The accounts taken down represented “the most active portions of this campaign”, the company said.
That was news to Luka Ivezic, a 24-year-old student at Kings College London, whose account – @TechPoliticist – had been suspended, and appeared on the list of those said to be run by, and out of, China.
Mr Ivezic, who was born in Croatia and says he has never been to China, recently completed his thesis. The subject? “Disinformation, and how artificial intelligence can empower the tools that China and Russia have to misinform us.”
An analysis of the total 200,000 accounts Twitter deleted points to mostly rented Russian language bot accounts which were used to agitate against Guo Wengui, a dissent Chinese tycoon who is seeking U.S. asylum. There is also an army of pro Guo Twitter bots who condemn China. That army was, of course, not suspended.
The Twitter accounts that tweeted against the Hong Kong riots were not sent by the Chinese government but Baidu forum users who flooded Twitter though the Falun Gong virtual private networks the U.S. finances to tweet in support of the Hong Kong police.
The U.S. government financing of those Falun Gong entities is not the only connection with that organization.
Shortly after Falun Gong came to the United States a U.S. government regime change organization set up a Friends of Falun Gong organization:
In the spring of 2000, a group of concerned American citizens wanted to take action to raise awareness about the terrible injustice facing Falun Gong practitioners in China.
Having the common desire to restore and protect the fundamental rights of Falun Gong practitioners, they turned for advice to a long-time champion of human rights issues, former U.S. Ambassador Mark Palmer, who has been following the plight of Falun Gong practitioners. At the time, Ambassador Palmer was the Vice-Chairman of the Board for Freedom House, and he still serves on that board. Among his many other achievements, Ambassador Palmer co-founded of the National Endowment for Democracy.
After months of hard work, in November 2000, with the help of Ambassador Palmer and others, Friends of Falun Gong USA was formally established.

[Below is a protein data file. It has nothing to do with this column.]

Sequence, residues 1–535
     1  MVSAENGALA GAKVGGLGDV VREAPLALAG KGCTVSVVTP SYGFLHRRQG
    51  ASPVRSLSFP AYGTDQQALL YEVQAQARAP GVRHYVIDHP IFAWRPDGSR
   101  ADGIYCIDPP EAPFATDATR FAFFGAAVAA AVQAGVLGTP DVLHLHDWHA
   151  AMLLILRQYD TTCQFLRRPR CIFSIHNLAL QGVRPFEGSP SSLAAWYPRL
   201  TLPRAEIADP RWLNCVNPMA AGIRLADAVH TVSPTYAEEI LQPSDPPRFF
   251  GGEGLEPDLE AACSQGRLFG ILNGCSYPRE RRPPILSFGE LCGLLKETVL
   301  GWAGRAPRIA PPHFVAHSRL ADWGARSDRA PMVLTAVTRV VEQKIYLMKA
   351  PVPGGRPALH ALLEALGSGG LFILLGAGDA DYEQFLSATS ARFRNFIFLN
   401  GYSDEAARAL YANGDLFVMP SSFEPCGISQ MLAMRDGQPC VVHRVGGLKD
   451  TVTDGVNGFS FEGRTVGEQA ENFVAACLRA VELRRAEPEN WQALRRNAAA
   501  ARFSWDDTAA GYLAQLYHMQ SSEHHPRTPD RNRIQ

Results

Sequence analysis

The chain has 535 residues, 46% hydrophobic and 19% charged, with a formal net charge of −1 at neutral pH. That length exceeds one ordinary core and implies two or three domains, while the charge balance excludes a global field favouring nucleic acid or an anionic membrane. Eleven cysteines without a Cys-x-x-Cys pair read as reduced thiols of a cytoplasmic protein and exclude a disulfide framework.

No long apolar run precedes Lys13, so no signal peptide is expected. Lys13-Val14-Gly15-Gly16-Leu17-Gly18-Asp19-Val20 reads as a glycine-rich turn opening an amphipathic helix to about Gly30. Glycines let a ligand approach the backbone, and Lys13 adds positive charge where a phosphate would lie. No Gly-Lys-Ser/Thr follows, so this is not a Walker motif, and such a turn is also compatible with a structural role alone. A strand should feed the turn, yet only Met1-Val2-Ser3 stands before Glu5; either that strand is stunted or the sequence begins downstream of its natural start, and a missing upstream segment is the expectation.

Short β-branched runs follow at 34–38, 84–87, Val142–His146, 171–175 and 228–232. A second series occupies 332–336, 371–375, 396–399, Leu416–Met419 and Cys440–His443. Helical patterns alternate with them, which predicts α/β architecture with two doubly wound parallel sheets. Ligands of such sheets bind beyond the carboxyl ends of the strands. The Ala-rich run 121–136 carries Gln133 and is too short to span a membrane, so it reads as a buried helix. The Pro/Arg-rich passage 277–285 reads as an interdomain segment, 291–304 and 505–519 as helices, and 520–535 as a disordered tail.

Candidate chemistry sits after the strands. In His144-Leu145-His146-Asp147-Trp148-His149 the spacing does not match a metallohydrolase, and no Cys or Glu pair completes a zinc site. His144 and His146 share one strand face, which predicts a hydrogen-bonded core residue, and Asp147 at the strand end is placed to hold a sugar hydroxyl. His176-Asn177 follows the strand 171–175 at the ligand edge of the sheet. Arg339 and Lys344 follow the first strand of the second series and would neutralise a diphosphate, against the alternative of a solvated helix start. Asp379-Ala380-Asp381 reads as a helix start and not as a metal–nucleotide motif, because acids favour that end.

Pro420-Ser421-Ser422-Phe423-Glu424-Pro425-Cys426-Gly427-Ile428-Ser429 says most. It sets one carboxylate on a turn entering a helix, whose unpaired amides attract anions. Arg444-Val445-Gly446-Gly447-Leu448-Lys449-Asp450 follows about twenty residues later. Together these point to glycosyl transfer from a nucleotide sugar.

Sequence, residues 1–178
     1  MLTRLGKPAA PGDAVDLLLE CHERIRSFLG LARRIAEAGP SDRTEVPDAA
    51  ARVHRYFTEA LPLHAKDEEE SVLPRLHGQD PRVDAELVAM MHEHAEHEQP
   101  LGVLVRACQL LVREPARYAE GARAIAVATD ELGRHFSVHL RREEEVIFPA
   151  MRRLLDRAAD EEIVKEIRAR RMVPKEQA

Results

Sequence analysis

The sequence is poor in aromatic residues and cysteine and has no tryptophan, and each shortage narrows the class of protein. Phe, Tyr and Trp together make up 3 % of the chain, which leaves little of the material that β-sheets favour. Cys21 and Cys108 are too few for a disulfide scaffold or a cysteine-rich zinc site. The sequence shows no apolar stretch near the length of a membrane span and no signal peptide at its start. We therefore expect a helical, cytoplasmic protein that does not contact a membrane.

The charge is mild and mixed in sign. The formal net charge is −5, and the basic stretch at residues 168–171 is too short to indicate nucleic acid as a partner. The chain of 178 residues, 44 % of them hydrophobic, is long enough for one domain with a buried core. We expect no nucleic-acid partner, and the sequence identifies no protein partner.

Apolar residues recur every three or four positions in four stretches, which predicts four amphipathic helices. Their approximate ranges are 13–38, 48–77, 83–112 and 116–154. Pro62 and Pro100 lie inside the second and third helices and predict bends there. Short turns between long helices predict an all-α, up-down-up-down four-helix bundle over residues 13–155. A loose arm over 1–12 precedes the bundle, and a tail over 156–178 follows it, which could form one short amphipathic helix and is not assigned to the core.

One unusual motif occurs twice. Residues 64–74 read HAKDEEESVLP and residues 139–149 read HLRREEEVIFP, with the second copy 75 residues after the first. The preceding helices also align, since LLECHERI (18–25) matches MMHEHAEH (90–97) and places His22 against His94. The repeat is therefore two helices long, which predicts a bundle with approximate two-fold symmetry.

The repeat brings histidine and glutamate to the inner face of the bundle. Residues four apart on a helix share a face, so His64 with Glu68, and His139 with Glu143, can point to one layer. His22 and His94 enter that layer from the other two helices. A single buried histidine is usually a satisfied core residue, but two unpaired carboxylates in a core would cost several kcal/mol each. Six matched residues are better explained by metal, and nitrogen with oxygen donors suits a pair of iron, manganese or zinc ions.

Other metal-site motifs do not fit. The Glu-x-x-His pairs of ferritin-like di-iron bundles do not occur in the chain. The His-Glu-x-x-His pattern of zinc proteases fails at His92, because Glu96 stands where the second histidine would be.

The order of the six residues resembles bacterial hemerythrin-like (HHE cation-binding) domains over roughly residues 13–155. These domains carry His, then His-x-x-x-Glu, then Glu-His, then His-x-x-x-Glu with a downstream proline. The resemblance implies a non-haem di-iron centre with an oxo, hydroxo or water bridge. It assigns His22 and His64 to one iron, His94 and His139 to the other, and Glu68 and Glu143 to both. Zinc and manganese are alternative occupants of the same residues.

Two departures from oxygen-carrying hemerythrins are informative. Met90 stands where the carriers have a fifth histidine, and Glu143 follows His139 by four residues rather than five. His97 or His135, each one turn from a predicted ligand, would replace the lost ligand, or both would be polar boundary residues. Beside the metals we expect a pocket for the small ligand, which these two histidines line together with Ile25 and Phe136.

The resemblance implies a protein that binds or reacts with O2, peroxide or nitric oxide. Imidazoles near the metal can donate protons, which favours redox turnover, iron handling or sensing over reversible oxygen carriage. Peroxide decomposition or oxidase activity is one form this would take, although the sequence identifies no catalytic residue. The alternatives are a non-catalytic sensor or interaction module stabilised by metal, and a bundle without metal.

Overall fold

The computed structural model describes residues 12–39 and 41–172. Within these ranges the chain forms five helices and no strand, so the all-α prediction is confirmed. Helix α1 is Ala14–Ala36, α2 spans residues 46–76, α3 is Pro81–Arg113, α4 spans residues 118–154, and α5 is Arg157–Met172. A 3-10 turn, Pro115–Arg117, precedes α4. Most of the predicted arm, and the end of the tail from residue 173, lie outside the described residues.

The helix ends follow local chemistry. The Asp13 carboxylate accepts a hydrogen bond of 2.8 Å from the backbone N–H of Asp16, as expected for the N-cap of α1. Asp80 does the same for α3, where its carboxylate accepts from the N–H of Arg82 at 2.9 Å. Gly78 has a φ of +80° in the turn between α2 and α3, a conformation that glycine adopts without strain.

The Falun Gong cult makes some significant money through its Shen Yun propaganda dance companies:
The dances continued, sleeves swirling, skirts rippling. A man came onstage to sing a song in Chinese, which was translated on the screen behind him. “We follow Dafa, the Great Way,” he began, singing about a Creator who saved mankind and made the world anew. “Atheism and evolution are deadly ideas. Modern trends destroy what makes us human,” he sang.
Shen yun, according to Shen Yun, means “the beauty of divine beings dancing.” (It can also be translated as “the rhythm of a divine spirit,” or, more simply, “God’s melody.”) The Shen Yun Performing Arts organization was founded in 2006, in New York’s Hudson Valley, and put on its first touring show in 2007. By 2009, there were three touring Shen Yun companies. Today, there are six companies, each consisting of forty or so dancers, all of them trained at the Fei Tian Academy, which is situated on a four-hundred-and-twenty-seven-acre campus established for Falun Dafa practitioners in upstate New York. The dancers are accompanied by an orchestra that incorporates Chinese instruments; each troupe includes about eighty people. In addition to the ninety-six American cities it is touring this year, Shen Yun will visit Vancouver, Berlin, Auckland, Taipei, Daegu, Aix-en-Provence, and dozens of other places.
Shen Yun is a nonprofit. In 2016, it reported more than seventy-five million dollars in assets and more than twenty-two million dollars in revenue.
It might well be that the money Falun Gong generates through such propaganda endeavors is channeled through its media empire into pro-Trump advertisement.
But the significant support U.S. government agencies give to Falun Gong, combined with the virulent anti-China policies of the Trump administration, lets one assume that there are also official dark money sources, think CIA, that support the Falun Gong’s anti-China efforts.
Money is fungible. A U.S. government financed organization should not invest it in partisan U.S. politics. Some enterprising Democratic candidates could up their game by taking a deeper look into this issue.
Source: Moon of Alabama